Coke's Trans Super Bowl Ad Had Media Liberals Swooning

February 5th, 2018 3:17 PM

Coke is woke, and gosh darn it, we’ve all got to know about it!

Coca Cola’s new ad, “The Wonder of Us,” aired during Super Bowl LII. The 60-second spot immediately came out out with the usual diversity happy talk. “Better world, bridging continents, yadda yadda.” However, this time Coca Cola went a little further in terms of diversification, providing a not so subtle subtle nod to the transgender trend, er, ‘non-binary’ community.

The narration says: “There’s a Coke for he, and she, and her, and me, and them. There’s a different Coke for all of us.” When it reaches the pronoun “them,” it’s accompanied by a visual of a young androgynous person wearing a rainbow lanyard. She or he is the “them.”



The genderqueer nod is almost hard to spot amidst all the steaming heaps of diversity but, but apparently, all the right people saw it, and loved it. Daily Beast writes that this “was Coke’s marketing department at its finest,” adding that “These are the sort of baby steps that change the media landscape, little by little.”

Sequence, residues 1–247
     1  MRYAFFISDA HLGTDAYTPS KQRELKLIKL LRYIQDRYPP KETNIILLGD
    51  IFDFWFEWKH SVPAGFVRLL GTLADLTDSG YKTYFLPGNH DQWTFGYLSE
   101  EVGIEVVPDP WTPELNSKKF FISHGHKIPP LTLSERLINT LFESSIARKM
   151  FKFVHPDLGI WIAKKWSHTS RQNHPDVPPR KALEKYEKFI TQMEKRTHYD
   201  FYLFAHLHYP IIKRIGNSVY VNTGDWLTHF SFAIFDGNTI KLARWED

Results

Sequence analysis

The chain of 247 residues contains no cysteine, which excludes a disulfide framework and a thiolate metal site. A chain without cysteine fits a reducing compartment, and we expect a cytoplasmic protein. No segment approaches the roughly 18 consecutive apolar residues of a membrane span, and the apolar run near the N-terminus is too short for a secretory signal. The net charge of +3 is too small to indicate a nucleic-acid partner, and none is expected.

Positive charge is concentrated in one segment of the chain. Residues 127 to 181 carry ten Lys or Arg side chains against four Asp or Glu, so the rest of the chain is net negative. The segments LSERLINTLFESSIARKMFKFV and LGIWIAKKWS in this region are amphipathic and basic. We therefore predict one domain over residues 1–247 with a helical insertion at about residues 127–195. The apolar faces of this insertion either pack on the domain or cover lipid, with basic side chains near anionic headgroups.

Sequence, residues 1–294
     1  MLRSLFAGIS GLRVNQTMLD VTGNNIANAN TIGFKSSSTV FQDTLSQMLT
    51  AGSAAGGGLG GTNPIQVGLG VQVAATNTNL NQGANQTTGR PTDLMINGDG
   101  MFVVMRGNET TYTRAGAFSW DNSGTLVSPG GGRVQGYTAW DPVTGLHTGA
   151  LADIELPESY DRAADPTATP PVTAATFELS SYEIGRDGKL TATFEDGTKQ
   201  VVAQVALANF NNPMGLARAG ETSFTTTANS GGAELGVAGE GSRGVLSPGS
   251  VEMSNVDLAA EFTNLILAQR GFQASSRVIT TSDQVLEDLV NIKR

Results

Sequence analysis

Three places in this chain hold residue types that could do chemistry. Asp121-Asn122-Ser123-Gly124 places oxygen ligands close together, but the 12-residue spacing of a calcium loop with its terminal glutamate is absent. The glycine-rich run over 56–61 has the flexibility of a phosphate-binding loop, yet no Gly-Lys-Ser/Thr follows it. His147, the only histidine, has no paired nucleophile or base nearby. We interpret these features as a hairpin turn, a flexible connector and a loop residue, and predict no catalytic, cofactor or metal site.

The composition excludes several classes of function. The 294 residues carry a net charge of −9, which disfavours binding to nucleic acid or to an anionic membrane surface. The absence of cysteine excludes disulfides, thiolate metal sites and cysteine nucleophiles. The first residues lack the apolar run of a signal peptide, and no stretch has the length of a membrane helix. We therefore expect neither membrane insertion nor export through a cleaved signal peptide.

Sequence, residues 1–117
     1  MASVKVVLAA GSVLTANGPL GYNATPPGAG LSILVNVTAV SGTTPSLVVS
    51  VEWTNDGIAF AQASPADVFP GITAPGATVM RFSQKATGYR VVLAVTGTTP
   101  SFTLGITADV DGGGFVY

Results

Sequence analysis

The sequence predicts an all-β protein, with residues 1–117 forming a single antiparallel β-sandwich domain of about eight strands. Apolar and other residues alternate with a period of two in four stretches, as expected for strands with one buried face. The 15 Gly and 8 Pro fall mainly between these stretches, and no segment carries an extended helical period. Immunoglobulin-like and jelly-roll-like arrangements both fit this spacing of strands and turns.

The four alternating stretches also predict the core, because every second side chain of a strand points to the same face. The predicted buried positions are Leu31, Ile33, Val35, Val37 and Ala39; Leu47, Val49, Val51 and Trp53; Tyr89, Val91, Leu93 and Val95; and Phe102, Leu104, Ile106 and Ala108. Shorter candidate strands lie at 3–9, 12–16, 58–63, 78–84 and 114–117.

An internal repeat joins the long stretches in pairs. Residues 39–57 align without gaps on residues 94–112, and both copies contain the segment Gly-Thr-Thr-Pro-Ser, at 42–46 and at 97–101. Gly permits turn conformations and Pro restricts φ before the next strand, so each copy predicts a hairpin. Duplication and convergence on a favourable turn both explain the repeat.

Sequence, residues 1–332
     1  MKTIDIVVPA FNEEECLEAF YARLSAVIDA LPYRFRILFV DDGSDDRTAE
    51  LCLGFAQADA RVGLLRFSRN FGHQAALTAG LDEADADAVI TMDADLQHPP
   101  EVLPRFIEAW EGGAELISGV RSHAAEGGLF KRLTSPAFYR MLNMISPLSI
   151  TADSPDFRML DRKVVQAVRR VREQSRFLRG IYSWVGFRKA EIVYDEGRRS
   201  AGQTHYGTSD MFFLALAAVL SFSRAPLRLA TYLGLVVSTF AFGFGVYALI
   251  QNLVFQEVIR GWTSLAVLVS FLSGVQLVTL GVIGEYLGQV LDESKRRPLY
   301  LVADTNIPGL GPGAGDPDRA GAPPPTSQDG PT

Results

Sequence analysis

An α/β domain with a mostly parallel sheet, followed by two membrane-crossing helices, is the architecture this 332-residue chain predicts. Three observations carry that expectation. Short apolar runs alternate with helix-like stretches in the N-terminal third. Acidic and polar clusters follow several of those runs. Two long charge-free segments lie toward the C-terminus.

Samantha Allen of the Daily Beast treated it as a watershed moment for underrepresented non-binaries, saying “the importance of 100 million people hearing the word ‘them’ during a Super Bowl ad cannot be overstated.” Well, yeah it can.

Prior to the game, Rolling Stone included the ad in their list of best leaked Super Bowl ads, stating that “Whether or not the spot is hawking [hocking] the diet destroyer that is soda, the diversity-celebrating sentiment is a positive one.”

Coke’s TV spot also yielded positive feedback from the youngsters on social media as well -- the progressive use of the pronoun ‘them’ being a vindicating moment in pop culture. Samantha Allen writes, citing the Broadly section of Vice, Generation Z is especially likely to embrace non-binary identification. Fifty six percent of 13-to-20-year-olds told the J. Walter Thompson Innovation Group that “they knew someone who went by gender neutral pronouns such as ‘they,’ ‘them,’ or ‘ze,’"

Of course, the American public will worry about where soda companies fit in with the the obesity epidemic, but regarding the collapse of citizens’ mental health, that’s something 100 million viewers should be proud to sign off on.